For the Teamsters Local 633, Padellaro estimated that “under 1 percent” of the employees the union represents are non-members. Union leaders approached agency fee members and told them what their rights and options were. Since then, Padellaro said membership has been largely unaffected by the Janus decision.  
“We haven’t seen the needle move at all in terms of people abandoning ship under the auspices of Janus,” he said. “I have my faith placed in our membership, and hopefully it’s not an issue we’ll have to deal with.”
However, Padellaro added that the union is in the process of drafting legislation that would allow unions to negotiate “members only” contracts. He anticipated the union would propose the bill to the New Hampshire General Court during next year’s legislative session.
Preparing for the future
Though Gulla is confident in the union’s membership, he said it’s “too early to tell” when asked about the long-term impact of Janus, and whether the group of 2,000 non-paying employees represented by the union will grow moving forward. He said the union believes education is the key, and they regularly engage in conversations with new and old employees at various meetings and trainings throughout the year.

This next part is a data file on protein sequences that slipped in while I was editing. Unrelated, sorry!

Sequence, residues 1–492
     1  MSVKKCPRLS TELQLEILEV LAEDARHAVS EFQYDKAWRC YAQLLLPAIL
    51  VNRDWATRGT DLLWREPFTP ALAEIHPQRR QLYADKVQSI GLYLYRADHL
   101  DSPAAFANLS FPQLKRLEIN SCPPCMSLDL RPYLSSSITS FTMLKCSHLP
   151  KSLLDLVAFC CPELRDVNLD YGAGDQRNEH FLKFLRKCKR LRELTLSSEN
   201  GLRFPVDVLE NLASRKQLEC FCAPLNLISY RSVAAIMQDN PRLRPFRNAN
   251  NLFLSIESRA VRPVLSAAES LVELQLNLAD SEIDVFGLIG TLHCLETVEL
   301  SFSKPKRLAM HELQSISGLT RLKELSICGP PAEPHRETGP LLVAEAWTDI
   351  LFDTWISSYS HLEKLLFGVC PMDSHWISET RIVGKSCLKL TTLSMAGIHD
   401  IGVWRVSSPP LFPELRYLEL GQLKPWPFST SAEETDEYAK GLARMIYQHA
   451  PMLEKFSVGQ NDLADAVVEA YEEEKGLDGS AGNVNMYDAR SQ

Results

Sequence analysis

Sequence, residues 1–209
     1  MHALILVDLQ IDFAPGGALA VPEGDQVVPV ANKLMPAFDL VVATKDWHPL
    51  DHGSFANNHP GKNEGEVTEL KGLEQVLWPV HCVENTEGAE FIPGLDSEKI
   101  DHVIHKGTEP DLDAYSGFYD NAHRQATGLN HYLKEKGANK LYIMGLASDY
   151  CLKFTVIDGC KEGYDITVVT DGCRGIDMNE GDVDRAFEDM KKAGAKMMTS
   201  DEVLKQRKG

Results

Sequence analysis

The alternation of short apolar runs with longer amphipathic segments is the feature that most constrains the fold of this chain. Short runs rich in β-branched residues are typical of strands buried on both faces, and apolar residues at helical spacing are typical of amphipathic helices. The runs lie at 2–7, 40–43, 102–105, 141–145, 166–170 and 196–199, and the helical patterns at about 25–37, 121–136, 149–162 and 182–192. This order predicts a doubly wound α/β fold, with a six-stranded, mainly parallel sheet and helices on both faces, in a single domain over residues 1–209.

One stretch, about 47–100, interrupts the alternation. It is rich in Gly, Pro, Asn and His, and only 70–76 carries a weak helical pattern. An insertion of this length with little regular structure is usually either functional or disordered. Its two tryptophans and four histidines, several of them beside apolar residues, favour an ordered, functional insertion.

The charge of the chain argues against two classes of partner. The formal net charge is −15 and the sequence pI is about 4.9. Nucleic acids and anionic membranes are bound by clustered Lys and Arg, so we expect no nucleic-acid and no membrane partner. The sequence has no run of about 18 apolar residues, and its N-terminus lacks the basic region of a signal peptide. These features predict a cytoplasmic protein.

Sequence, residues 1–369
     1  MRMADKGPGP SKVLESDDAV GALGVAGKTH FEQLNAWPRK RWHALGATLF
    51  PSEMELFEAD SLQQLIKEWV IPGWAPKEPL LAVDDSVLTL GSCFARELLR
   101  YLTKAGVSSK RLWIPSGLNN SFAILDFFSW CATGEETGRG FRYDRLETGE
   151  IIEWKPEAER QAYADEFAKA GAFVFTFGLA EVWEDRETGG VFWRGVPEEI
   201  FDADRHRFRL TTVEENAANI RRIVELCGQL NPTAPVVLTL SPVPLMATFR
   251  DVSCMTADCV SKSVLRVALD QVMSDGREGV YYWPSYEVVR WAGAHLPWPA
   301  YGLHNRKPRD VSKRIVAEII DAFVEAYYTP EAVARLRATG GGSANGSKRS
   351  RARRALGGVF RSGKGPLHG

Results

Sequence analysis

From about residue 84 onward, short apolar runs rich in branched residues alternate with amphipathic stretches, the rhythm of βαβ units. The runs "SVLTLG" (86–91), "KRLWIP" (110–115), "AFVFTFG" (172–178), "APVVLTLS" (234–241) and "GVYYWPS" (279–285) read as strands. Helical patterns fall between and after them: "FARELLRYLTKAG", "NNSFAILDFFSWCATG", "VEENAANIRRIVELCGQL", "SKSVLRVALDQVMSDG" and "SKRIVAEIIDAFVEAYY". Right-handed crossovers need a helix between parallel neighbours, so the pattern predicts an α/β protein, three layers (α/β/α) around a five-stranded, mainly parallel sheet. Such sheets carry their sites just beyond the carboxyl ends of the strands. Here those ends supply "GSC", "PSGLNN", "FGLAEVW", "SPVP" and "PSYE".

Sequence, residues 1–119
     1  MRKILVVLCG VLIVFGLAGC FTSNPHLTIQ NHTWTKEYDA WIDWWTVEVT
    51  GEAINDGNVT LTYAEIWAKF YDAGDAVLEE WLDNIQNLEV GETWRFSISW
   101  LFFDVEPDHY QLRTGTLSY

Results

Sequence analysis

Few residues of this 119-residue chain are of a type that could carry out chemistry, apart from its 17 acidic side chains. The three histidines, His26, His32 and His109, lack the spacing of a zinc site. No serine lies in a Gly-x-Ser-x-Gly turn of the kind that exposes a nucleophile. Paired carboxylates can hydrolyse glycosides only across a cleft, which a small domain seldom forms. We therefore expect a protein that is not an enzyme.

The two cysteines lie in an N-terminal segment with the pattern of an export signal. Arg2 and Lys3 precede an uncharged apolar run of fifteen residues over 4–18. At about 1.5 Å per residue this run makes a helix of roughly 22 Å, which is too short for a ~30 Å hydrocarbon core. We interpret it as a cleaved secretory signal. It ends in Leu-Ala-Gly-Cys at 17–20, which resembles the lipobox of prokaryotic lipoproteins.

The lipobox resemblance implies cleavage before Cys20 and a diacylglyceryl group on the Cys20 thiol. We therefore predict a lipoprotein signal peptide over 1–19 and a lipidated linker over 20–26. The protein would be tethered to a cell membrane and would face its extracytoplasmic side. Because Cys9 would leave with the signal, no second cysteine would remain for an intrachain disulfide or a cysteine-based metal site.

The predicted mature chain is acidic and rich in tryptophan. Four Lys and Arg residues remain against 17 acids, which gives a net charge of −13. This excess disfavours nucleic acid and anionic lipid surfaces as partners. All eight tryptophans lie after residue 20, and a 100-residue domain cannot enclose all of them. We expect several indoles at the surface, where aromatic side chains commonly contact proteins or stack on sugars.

“New state employees need to understand why they should contribute to the benefits that come from hard-fought contract wins,” said Gulla. “If someone chooses not to contribute to the benefits they enjoy and passed the cost off to their coworkers, that’s the wrong approach to protecting their pay and benefits.”
National trends for union membership indicate that unions have their work cut out for them in terms of reaching younger workers. In 2015, the U.S. Bureau of Labor Statistics reported that nearly half of all union members were between 45 and 64 years old. Workers ages 16 to 24 had the lowest union membership rate at 4.4 percent, and there was a smaller share of union members than nonunion workers in this age range.